In early 2019, Google Stadia was officially revealed to the world after initial technical tests under the name “Project Stream.” The game-streaming service promises to revolutionize the way we play video games, eliminating the need to buy powerful hardware or even download games, and instead gain instant access the second you want to play them.
Stadia is not alone in this experimental field, however. There are already many existing adversaries, with one of its primary competitors being Nvidia’s GeForce Now service. Although Nvidia GeForce Now is still in beta and Google Stadia has yet to be released, we compared what we know about the two services to see which one will be the better choice so you can make the final call when they finally release.
You’ll first need to learn which platforms will be supported by each streaming service before you choose between Google Stadia and Nvidia GeForce Now because there are some major differences.
Google Stadia will run through your Chrome Browser, and though the initial Project Stream test only worked on desktop and laptop computers, this will not be the case with the final release. Instead, you will be able to play Google Stadia games on nearly any device with access to Chrome.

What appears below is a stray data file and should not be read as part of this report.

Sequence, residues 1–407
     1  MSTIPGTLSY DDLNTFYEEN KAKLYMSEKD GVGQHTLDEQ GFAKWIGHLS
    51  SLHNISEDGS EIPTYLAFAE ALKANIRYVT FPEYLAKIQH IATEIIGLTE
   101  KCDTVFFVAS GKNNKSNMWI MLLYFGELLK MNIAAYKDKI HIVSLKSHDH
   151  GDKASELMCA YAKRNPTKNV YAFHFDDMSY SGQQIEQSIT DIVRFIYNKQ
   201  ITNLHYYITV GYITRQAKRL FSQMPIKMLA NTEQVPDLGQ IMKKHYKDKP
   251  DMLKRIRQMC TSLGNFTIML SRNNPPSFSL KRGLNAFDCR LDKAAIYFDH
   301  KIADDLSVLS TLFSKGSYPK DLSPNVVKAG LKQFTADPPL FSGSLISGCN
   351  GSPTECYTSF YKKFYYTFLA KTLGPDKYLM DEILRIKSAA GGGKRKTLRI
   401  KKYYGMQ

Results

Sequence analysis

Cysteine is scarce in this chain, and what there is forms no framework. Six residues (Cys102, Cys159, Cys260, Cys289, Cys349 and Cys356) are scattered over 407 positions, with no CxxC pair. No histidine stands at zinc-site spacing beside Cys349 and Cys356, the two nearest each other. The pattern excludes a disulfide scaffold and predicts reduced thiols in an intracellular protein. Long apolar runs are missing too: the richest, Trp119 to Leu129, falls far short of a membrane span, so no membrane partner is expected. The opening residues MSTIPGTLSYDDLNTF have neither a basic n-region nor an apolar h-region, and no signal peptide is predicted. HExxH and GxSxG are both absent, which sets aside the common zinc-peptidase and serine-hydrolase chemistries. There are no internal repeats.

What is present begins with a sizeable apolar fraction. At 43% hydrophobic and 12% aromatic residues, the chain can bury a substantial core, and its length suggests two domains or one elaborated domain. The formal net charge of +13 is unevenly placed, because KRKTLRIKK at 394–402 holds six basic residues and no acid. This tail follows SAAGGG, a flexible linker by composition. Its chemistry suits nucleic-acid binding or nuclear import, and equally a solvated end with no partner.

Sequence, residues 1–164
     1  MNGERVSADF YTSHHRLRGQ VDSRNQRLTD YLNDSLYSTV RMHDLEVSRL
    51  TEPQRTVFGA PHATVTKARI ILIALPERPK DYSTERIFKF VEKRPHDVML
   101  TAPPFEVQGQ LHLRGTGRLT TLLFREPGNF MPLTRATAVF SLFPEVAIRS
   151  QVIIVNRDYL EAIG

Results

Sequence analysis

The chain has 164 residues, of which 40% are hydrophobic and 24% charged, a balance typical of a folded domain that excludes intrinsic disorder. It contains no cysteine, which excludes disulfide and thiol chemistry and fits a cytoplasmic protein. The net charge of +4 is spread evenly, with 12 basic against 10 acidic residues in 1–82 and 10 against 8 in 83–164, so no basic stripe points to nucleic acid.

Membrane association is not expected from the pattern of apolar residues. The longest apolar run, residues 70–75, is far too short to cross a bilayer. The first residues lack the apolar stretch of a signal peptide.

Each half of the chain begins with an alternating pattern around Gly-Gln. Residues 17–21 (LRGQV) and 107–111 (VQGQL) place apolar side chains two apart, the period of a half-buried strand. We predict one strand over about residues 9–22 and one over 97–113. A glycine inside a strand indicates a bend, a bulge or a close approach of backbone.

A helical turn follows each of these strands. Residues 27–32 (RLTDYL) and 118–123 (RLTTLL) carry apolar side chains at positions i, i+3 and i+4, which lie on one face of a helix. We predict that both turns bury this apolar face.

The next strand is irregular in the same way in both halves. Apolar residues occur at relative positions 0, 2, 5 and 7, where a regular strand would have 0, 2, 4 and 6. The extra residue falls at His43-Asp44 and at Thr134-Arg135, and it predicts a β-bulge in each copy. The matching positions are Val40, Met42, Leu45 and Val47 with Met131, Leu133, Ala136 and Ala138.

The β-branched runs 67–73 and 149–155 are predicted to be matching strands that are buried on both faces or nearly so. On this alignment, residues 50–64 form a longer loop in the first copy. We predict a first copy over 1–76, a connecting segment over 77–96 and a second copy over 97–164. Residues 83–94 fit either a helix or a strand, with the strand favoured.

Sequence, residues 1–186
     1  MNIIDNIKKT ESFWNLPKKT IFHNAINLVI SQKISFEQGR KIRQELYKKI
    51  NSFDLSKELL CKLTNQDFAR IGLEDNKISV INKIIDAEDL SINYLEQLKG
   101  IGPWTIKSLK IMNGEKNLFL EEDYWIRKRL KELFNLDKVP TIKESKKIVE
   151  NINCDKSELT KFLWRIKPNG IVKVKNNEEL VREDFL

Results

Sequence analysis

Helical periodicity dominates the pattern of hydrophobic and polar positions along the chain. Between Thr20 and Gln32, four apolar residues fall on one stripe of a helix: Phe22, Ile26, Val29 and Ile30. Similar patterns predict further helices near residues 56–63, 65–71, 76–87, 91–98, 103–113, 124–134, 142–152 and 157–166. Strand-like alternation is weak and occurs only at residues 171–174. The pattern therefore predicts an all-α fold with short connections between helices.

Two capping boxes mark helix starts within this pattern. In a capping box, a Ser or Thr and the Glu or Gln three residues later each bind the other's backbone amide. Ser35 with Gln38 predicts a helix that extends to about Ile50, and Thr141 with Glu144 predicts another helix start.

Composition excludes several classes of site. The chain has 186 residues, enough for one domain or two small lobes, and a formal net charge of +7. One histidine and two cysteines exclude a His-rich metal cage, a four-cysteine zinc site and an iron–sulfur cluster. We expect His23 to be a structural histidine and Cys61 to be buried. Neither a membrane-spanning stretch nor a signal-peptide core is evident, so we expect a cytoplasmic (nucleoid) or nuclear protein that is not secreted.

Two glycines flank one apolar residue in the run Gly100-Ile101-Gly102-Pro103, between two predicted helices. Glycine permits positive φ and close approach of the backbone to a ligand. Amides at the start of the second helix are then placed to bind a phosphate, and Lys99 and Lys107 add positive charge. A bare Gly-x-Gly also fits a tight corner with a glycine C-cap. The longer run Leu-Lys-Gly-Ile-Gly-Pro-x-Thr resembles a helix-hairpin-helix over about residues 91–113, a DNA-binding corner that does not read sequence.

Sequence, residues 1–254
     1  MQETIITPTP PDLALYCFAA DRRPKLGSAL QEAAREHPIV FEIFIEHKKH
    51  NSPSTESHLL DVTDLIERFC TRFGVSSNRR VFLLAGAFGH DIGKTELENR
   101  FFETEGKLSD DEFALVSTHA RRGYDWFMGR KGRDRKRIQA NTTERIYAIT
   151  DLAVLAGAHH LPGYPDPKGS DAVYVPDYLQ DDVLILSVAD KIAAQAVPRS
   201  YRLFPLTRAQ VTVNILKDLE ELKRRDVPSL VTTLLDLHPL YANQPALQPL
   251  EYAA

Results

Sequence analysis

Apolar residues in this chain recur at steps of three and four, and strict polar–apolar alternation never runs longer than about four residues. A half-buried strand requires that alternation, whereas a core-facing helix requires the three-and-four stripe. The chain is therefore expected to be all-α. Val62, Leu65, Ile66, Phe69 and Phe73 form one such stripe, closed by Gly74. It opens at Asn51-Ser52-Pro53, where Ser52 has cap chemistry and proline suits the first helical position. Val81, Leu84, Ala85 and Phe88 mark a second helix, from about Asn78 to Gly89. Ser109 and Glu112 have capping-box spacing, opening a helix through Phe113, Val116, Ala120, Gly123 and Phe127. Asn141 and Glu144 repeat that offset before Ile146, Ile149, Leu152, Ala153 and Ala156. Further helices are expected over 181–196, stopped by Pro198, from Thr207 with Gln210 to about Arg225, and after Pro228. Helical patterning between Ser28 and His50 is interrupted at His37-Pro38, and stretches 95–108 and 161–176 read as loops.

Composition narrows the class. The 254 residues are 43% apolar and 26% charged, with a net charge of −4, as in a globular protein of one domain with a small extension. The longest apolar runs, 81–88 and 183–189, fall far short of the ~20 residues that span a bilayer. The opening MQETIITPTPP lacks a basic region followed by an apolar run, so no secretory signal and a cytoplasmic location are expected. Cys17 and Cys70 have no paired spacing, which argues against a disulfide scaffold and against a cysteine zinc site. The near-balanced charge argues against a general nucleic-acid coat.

This means your television, tablet, and mobile phone will also be a compatible gaming platform, and your progress will be synced up through your Google account so you can drop the game on one device and begin playing it on another device without skipping a beat.
However, televisions will require Chromecast Ultra in order to gain access, and only the Pixel 3 and 3A phones will be supported at launch.
Nvidia GeForce Now is designed to stream your library of PC games, and thus it’s supported on PC, Mac, and the Nvidia Shield device. The
With GeForce Now, you gain access to PC games even if they aren’t available on the platform you’re using, such as Mac. If you do happen to play on a Mac, systems produced as early as 2008 will be able to run
It’s likely that you’ll be able to use the controller of your preference across all streaming services, but only Google Stadia currently offers an exclusive option with built-in features. Google says that Stadia will also support the DualShock 4, Xbox One controller, and Xbox Adaptive Controller, as well as mouse-and-keyboard setups.
Nvidia GeForce Now supports mouse-and-keyboard setups and the DualShock 4 in its USB and Bluetooth configurations. It also supports Logitech’s F310, F510, and F710 gamepads, and the wired Xbox 360 and Xbox One controllers.